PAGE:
If this is so, we have SyFy to thank for running the Stargate series into the ground through their poor decision to move SGU to Tuesdays and then stubbornly keep it there despite evidence that fans were watching the show’s Friday night re-run instead. 

Now is the time to act on behalf of the entire Stargate franchise. Recently, MGM struck a deal with Spyglass Entertainment, the production company behind many films, including Star Trek, Get Him to the Greek, and the newly released The Tourist. Spyglass has essentially purchased MGM’s debt, and in return is now in management of MGM’s assets. Their daily operations are back underway and they are taking steps towards putting projects back into production. SGU‘s cancellation could potentially lead Spyglass and MGM to believe that the Stargate franchise is not worth further investments. OR, and this is a big “or”, they could recognize SyFy for the idiots that they are and choose to actively find a new home for SGU and the franchise. After all, when SG-1 was cancelled, Stargate was MGM’s second most successful franchise, right behind the Bond franchise!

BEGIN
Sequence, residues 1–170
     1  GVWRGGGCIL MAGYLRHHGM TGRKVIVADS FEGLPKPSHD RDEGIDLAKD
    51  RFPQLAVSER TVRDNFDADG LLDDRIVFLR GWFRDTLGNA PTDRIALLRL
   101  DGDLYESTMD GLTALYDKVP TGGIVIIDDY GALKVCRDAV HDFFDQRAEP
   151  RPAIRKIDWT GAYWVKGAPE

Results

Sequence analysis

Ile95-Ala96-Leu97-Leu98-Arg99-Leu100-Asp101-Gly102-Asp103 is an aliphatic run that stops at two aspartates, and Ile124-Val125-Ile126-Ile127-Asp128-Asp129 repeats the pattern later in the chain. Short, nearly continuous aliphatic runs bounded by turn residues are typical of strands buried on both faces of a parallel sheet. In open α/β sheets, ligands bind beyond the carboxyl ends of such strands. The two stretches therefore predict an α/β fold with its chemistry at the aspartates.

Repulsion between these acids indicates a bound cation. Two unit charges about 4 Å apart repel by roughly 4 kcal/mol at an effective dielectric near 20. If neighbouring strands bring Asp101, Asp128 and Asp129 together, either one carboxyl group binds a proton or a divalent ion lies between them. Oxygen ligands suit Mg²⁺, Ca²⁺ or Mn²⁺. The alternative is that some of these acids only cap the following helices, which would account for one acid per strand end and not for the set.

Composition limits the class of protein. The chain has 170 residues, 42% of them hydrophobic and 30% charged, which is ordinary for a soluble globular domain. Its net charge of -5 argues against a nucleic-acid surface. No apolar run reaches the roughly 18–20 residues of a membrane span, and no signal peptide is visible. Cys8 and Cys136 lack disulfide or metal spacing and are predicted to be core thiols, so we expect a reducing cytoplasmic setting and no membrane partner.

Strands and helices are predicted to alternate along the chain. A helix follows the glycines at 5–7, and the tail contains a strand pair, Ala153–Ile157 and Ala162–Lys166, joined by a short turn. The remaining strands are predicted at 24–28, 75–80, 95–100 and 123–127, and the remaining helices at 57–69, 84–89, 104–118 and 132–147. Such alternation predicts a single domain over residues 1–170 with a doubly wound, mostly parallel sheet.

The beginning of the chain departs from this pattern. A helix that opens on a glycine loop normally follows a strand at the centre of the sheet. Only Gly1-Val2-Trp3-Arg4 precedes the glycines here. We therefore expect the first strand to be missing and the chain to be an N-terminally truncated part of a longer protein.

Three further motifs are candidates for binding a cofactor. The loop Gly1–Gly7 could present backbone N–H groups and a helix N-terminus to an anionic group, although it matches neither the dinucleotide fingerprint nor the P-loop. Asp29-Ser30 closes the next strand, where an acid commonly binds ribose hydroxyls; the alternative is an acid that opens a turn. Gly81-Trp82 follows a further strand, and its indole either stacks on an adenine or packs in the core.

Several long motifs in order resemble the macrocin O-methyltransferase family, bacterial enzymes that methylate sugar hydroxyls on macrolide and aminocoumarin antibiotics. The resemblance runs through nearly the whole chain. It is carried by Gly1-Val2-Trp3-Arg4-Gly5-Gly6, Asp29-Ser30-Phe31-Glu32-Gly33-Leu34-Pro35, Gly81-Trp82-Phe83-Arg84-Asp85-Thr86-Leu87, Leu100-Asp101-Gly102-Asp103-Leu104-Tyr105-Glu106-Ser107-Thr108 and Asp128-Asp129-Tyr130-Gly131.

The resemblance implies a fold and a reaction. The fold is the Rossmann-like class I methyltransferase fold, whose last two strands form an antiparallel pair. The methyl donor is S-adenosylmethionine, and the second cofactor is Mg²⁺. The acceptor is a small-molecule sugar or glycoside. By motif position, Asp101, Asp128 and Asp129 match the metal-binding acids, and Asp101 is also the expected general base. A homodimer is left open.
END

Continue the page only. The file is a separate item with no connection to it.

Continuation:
We have a campaign to run, and we know from the SG-1campaign what works and what doesn’t. For instance, boycotting SyFy won’t do anything. Instead we need to work really hard to support what we do like on SyFy, whether that is Sanctuary, Destination Truth, or Ghost Hunters. We need to tell them we want more SGU in every way we can, including watching every episode live when it returns. We need to watch it via Hulu, buy it on iTunes, watch it On Demand, and buy season 2.0 on DVD as soon as it comes out. We have to show MGM our support so they will do what it takes to get SGU picked up again. This doesn’t have to be the end.

A petition has been launched on, and in less than 24 hours it has collected over 400 signatures! Add yours now!!